Jana: This week I finished Mercedes Lackey’s The Hills Have Spies and jumped right into its sequel, Eye Spy; I’m enjoying the FAMILY SPIES series more than I expected, though it has more of a retro-genre feel than I tend to seek out on my own. Adolescent Me would have loved this series, to be sure. I also had the pleasure of reading our own Marion Deeds’ recently-published novella, Aluminum Leaves, and will be reviewing it for Fantasy Literature soon! Huzzah!

Kat: I’m reading some of the Retro Hugo finalists. I really liked Hermann Hesse’s The Glass Bead Game, but I can see why others would find it dry. I re-read H.P. Lovecraft’s The Dream-Quest of Unknown Kadath and Fritz Lieber’s “Thieves’ House.” Then I moved on to a couple of audiobooks that I recently received from publishers. Tanith Lee’s Electric Forest was a little disappointing. Ted Chiang’s Exhalation: Stories, however, is probably the best thing I’ve read all year.

Kelly: I’m trying to read my way through my precariously tall TBR pile (not to mention my Kindle TBR pile). This week I read Charles de Lint’s Yarrow. It’s very early de Lint and not my favorite book of his that I’ve read. Now, I’m starting two books that are very different from each other: Shadowshaper by Daniel José Older and The Calculating Stars by Mary Robinette Kowal. Marion liked them both, so my hopes are high!

Marion: I’m about halfway through Malka Older’s State Tectonics. A curious “tourist handout,” anomalous campaign ads showing up in areas where they don’t belong and a tunnel all twine together to provide another twisty plot in the final CENTENAL book.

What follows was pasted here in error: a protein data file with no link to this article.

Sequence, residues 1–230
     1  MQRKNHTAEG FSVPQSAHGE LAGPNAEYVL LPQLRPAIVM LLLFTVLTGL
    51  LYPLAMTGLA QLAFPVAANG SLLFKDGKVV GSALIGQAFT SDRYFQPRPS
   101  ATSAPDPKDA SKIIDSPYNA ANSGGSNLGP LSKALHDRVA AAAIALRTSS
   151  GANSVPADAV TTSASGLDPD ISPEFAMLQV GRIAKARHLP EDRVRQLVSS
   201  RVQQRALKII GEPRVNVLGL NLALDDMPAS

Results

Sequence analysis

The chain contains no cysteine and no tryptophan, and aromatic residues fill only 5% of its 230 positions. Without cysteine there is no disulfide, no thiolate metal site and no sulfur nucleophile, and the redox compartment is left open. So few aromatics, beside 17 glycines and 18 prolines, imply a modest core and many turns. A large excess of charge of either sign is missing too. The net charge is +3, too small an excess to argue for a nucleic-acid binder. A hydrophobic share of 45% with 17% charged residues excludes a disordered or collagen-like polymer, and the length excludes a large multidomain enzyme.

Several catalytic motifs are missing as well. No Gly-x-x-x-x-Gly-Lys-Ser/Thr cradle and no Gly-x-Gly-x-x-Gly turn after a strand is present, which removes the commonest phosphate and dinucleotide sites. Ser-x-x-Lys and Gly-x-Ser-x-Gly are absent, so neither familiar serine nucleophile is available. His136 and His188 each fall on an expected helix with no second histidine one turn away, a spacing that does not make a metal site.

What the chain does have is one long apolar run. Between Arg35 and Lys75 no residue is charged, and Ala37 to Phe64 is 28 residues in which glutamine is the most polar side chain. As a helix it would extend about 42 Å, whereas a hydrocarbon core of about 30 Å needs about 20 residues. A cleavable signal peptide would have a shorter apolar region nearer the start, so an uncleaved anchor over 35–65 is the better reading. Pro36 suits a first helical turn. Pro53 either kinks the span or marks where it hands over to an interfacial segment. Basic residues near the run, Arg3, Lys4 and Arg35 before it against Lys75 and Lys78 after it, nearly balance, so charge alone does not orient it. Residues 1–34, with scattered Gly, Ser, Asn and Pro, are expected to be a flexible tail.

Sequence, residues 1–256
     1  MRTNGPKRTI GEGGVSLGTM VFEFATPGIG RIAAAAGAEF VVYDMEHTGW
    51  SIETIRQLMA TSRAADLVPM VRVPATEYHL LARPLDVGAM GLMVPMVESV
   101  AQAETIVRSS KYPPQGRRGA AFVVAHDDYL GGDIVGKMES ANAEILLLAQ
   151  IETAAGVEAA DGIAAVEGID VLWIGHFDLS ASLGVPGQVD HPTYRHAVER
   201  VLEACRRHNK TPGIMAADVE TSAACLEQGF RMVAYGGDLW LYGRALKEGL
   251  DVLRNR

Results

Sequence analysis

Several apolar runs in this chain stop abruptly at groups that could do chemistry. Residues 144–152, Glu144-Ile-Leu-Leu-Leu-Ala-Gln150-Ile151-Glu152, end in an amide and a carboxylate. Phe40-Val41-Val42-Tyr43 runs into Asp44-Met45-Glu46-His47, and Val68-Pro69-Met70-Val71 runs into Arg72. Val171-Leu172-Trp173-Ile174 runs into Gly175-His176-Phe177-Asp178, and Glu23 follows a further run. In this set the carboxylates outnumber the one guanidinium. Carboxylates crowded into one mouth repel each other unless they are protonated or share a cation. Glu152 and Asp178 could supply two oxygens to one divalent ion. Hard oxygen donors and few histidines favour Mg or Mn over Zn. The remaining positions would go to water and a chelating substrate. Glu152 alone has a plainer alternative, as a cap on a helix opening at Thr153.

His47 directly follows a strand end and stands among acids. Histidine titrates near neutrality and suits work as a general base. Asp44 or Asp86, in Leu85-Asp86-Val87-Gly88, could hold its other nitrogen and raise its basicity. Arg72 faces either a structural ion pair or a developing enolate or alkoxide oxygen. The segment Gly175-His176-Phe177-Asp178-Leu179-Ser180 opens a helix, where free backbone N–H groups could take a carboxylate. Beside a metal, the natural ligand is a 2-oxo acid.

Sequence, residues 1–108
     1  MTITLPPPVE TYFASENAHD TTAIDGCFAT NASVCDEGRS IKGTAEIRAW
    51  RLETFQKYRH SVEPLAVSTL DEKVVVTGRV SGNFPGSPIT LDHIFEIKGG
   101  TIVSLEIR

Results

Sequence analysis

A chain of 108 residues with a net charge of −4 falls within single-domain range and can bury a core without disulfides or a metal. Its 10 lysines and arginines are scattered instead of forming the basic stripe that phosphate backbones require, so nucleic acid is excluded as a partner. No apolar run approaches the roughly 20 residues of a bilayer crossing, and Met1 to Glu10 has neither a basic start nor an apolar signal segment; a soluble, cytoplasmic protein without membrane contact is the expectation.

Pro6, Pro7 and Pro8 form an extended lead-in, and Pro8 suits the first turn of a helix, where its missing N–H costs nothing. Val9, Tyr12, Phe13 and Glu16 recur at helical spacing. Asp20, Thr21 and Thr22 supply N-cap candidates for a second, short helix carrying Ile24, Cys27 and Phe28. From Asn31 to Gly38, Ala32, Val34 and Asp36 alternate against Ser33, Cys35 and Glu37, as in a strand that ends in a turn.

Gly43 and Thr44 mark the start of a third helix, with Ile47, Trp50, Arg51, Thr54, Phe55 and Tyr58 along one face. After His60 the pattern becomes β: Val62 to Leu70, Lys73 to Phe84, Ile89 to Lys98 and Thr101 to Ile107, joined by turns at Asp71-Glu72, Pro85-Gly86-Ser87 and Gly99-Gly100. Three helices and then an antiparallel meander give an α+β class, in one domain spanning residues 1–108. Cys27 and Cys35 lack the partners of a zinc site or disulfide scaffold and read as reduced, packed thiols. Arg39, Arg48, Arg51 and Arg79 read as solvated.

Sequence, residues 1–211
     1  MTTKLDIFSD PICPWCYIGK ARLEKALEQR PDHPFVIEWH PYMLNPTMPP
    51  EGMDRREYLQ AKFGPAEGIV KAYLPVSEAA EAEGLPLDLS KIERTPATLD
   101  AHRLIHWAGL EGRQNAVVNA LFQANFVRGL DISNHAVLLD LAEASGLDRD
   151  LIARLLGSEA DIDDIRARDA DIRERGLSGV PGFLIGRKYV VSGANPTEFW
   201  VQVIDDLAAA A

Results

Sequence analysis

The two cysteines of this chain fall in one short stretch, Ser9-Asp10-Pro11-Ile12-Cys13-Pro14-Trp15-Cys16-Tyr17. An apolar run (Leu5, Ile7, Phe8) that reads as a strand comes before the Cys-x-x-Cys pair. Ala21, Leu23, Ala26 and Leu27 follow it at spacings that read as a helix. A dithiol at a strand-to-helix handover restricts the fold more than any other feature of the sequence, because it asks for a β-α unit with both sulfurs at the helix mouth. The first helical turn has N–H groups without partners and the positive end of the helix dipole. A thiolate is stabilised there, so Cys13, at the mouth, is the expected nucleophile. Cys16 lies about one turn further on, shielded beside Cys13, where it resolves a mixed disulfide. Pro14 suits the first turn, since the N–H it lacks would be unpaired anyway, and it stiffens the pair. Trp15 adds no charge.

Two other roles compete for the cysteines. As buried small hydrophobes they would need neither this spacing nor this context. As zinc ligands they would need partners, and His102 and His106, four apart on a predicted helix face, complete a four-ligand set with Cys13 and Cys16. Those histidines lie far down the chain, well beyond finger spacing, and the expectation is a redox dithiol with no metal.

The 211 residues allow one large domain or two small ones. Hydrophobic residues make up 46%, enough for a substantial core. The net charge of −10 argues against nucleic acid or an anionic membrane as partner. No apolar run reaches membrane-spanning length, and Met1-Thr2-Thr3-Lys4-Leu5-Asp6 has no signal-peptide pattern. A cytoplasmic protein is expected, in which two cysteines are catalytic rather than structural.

Tadiana: It’s been about three weeks since I reported in here (I’d hang my head in shame but that doesn’t seem to make me change my ways). I’ve read some great books lately: Alix Harrow’s soon-to-be-published portal fantasy The Ten Thousand Doors of January was truly excellent. Jay Kristoff’s YA SF dystopian novel DEV1AT3 was a surprising step up from the first book in this LIFELIKE series. Aliette de Bodard’s novella The Citadel of Weeping Pearls (review coming soon) is a beautifully written, melancholic space opera mystery set in her wonderful Xuya universe. I also read A Sword Named Truth by Sherwood Smith (epic fantasy), Sweep of the Blade by Ilona Andrews (space vampires!), and one of Kate Morton’s historical mystery novels, The Lake House, which was a fun change of pace. I’m currently reading Sam Kean’s latest non-fiction book, The Bastard Brigade: The True Story of the Renegade Scientists and Spies Who Sabotaged the Nazi Atomic Bomb.

Terry: I’m still living with Gregg Hurwitz’s Orphan X and having a grand time — this vacation from SF/F/H is probably good for my soul! I finished The Nowhere Man and immediately jumped into Hellbent. Now I’ve finished that and read the two short stories that accompany the series, “Buy a Bullet” and “The Intern,” and launched into Out of the Dark. Next up: Don’t Look Back. These definitely strain a reader’s credulity, but if you can suspend disbelief for long enough to get through them (which doesn’t take long — these practically read themselves), you’ll have a grand time. Once I’ve finished these, I should be able to coax myself back into an epic fantasy or two.


  • Tim Scheidler

    TIM SCHEIDLER, who's been with us since June 2011, holds a Master's Degree in Popular Literature from Trinity College Dublin. Tim enjoys many authors, but particularly loves J.R.R. Tolkien, Robin Hobb, George R.R. Martin, Neil Gaiman, and Susanna Clarke. When he’s not reading, Tim enjoys traveling, playing music, writing in any shape or form, and pretending he's an athlete.